Camila’s Dress, Oceanography, and the Power of Belonging: Our new Board members share their favorite NPN memories

October 24, 2020  •  5 minute read

Last month, our Board extended welcomes, saludos y abrazos to five new Board members! National Performance Network President and CEO Caitlin Strokosch asked our “newbies” to each recount their weirdest, funniest, or favorite NPN memory. Their answers were too good not to share.

Colleen Furukawa

Colleen Furukawa

Vice President of Programming, Maui Arts & Cultural Center
Maui, Hawai’i

I’m actually a visual artist, even though I program for both performing arts and visual, and my base genre is fiber.

What I remember of NPN was a pre-orientation invite to an Annual Conference before you’re selected to be a Partner. It was in Tampa, I believe—it was freezing cold. I walked into a group meeting and even though I knew no one, it was like walking into the first day of art school. Everybody was so warm and friendly, even though they had no idea who I was. I found that to be very meaningful, and it’s held up for me at every single other NPN group convergence that we’ve had. It’s great to be a part of a community of likeminded people.

Louise Martorano

Louise Martorano

Executive Director, RedLine Contemporary Arts Center
Denver, Colorado

I’ve had the privilege of being filled with a lot of amazing, hilarious, weird, awkward, good NPN moments since RedLine became a partner in 2013.

I always knew as soon as I was a part of the National Performance Network that I wanted to have this moment, to be invited to be on the Board, because I felt like NPN was the only network that was reflecting the values that I cared about most in their work. It’s a really special day for me and it was a special moment when Caitlin reached out.

I’m kind of filled with hilarious memories. One time after the conference, Stanlyn and I tore away to [Prince’s home and studio] Paisley Park and took the weirdest tour I’ve ever been on in my life with a person. So, even though I was in the Prince fandom, it was a moment that I think Stanlyn and I will share forever of having the weirdest tour guide on the planet to go through one of the most unique, otherworldly places I’ll ever go, while adoring Prince. So that’s all. I’ll just share that.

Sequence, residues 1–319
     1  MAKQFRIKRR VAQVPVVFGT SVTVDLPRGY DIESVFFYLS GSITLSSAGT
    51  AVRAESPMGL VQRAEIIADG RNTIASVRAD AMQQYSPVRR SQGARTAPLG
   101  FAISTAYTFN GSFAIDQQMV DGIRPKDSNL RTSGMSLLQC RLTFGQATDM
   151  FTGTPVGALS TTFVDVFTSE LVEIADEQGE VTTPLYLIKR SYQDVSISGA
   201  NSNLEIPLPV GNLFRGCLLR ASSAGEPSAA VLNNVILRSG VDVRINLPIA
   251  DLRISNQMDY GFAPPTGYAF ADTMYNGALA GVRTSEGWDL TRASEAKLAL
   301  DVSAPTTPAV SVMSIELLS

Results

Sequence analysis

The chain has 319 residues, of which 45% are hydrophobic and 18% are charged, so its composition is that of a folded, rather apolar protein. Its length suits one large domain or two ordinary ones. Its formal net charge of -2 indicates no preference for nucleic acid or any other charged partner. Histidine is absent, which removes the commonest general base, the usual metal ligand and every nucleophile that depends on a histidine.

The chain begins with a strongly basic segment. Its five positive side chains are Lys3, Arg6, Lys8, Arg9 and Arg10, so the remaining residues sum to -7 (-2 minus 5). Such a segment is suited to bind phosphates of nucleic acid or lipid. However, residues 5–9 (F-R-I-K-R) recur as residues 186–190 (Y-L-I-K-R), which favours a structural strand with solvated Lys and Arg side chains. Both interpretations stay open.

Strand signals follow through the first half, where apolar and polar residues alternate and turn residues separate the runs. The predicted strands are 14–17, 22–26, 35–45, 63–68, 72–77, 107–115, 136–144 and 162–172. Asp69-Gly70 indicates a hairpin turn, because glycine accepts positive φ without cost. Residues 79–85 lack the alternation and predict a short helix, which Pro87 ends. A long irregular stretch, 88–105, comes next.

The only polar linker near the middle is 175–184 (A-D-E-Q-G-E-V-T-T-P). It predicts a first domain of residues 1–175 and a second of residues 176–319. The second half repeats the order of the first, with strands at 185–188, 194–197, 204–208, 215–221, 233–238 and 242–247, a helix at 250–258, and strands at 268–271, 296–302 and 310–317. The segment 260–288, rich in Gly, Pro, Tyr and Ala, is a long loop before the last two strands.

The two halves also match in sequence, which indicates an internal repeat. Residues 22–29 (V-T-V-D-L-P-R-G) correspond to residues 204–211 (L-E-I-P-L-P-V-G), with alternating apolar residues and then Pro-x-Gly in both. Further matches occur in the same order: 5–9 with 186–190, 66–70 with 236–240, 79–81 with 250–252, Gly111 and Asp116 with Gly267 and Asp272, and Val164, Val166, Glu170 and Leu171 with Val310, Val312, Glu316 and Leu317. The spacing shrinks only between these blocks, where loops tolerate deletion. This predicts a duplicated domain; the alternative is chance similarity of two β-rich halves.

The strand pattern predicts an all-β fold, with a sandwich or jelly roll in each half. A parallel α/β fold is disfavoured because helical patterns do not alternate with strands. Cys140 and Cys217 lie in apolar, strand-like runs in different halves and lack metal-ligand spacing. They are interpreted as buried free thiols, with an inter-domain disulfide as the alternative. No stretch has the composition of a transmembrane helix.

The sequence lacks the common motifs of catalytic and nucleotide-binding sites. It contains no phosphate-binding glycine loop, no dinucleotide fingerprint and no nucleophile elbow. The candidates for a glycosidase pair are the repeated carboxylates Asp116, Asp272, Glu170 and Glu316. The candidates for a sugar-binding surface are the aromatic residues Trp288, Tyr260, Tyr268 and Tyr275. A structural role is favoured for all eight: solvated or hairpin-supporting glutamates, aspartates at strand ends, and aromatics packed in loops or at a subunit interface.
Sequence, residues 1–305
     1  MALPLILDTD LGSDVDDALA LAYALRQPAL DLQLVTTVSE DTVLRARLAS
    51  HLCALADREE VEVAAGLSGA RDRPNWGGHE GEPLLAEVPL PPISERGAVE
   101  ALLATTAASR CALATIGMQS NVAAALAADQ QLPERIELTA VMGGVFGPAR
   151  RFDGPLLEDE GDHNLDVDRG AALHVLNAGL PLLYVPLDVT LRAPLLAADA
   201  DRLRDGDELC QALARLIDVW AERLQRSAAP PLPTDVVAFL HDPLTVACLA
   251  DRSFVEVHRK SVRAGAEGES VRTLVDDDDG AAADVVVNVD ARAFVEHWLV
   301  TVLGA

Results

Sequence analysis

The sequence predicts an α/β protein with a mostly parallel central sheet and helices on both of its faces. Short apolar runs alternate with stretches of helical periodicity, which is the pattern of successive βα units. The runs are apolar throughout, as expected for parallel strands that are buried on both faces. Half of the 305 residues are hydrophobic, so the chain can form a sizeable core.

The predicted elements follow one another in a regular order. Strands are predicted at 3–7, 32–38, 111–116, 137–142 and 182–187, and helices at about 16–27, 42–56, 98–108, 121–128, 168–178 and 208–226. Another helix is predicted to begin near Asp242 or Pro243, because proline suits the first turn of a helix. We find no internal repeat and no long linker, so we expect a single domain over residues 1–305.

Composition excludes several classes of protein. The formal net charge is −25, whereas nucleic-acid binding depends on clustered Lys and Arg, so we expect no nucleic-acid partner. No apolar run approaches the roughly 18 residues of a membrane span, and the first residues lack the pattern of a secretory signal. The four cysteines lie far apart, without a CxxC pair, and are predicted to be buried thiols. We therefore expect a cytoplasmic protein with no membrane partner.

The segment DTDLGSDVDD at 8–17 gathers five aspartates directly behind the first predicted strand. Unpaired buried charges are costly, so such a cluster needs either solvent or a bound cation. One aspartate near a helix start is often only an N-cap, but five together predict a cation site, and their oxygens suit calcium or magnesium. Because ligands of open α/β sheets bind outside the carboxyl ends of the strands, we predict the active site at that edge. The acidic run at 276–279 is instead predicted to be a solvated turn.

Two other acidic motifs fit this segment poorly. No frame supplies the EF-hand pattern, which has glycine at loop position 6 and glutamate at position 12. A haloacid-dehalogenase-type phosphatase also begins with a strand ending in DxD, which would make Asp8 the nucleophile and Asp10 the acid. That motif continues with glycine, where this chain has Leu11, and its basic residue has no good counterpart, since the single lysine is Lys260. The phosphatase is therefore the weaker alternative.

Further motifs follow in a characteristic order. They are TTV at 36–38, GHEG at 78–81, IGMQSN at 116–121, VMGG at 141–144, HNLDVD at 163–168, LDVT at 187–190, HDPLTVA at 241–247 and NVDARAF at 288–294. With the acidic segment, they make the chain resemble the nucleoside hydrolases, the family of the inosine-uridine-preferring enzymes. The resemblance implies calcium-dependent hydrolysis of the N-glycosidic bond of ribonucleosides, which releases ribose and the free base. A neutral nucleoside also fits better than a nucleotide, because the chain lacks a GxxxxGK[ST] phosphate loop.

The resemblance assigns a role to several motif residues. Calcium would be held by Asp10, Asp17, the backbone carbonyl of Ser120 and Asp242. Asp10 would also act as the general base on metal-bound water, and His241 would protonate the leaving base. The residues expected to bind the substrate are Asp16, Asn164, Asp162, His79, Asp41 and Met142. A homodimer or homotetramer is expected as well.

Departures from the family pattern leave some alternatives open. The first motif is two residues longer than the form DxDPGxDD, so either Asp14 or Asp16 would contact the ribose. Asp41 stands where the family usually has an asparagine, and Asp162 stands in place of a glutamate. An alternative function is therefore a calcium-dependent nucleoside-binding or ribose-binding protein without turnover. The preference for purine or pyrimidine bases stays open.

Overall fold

Christopher Morgan

Christopher K. Morgan

Executive Artistic Director, Dance Place
Washington DC

As you know, I’m the Executive Artistic Director of Dance Place here in DC and I’m also an artist. That’s how I first came to the network actually, and I’m still a practicing dance maker. I have a Creation Fund that’s been waiting to premiere since May, and we’ll see when that might happen, or if it pivots and becomes something new. My history with NPN is pretty long. The first conference I attended was as a dancer with the Liz Lerman Dance Exchange in LA in 2000-I-don’t-know-what, some 20 years ago.

I would say far and away my favorite memory is from the Annual Conference in Tulsa. The incredible visual artist Molly Vaughan had presented Project 42 and asked if anyone wanted to wear one of those incredible dresses made in tribute to lives lost, trans lives lost. And I got to wear a dress in tribute to a woman named Camila. I remember so much about it so well, Camila lost her life in Harlem and the dress that I wore mapped where that was. And I danced all night long in honor of Camila, with many of you, actually.